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Tropentag, September 19 - 21, 2016 in Vienna, Austria

"Solidarity in a competing world - fair use of resources"

Wild Edibles and Organic Minor Crops for Household Food Security and Upkeep of Diversity

Magdalena Wanawan

Cordillera Integrated Agricultural Research Center, Dept. of Agriculture, Philippines


Ensuring food security and maintaining biodiversity are part of the pressing concerns for a country with fast growing population. Edible wild plants and endemic minor crops offer a wide range of nutrients as well as interesting and distinctive flavours. Moreover, they are healthful since they are free from synthetic fertilisers and pesticides.
The study profiled 15 edible wild plants and 20 minor cultivated crops (including pulses) that are organically grown in eco-tourism towns in the Cordillera, Philippines. The profile included the physical description of the plants, their elevation habitat, peak harvest season, crop utilisation, and nutritional analysis. The richness of the wild and endemic crops in nutritional content implies that such plants could fill the nutrition gaps of rural household consumers during the growing stages of their cultivated crops when there is no harvest.
Alongside the issue of food sustenance is the preservation of biodiversity which should not be ignored in sustaining the ecosystems where food is produced or naturally present as in the case of wild edibles . Conserving or restoring key elements of biodiversity supports the production of food and sustains beneficial organisms. The study found out that tribal farmers preserve cultivated plant diversity within agricultural ecosystems. The practices of astute seed selection, proper seed storage, organic seed production and seed exchange have made the crops sustainable. Seeds of organic endemic plants are preserved through continuous seed production, seed exchange and proper storage in tightly covered containers using charcoal, ash, and pine wood chips as preservatives. The soil which cradles plant biodiversity is conserved through terracing, edge bordering, hedge row planting organic crop production, and canal installation to divert run-off water from washing out the top soil.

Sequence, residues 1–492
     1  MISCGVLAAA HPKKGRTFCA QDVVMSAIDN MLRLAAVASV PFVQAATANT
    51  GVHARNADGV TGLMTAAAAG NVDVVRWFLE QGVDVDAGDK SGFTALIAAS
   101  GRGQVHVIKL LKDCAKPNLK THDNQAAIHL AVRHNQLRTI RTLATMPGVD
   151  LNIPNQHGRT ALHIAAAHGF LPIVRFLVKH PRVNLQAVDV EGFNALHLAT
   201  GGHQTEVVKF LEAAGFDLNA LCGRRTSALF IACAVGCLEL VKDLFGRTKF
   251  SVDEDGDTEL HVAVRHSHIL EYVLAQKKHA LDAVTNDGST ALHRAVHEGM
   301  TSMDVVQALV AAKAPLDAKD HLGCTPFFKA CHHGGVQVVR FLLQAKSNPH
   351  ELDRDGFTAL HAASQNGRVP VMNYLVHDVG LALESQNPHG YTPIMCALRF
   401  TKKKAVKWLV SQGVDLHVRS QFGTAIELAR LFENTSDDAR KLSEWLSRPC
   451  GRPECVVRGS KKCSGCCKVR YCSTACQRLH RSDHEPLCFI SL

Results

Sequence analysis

Such practices confirm a trademark of the organic farmers in the Cordillera which is the instinctive preservation of the natural ecosystem including nature's biodiversity endowments.

Keywords: Biodiversity, edible wild plants, food security, minor crops, nutritional content

Contact Address: Magdalena Wanawan, Cordillera Integrated Agricultural Research Center, Dept. of Agriculture, Sto. Tomas Road, 2600 Baguio City, Philippines, e-mail: ciarc_da@yahoo.com

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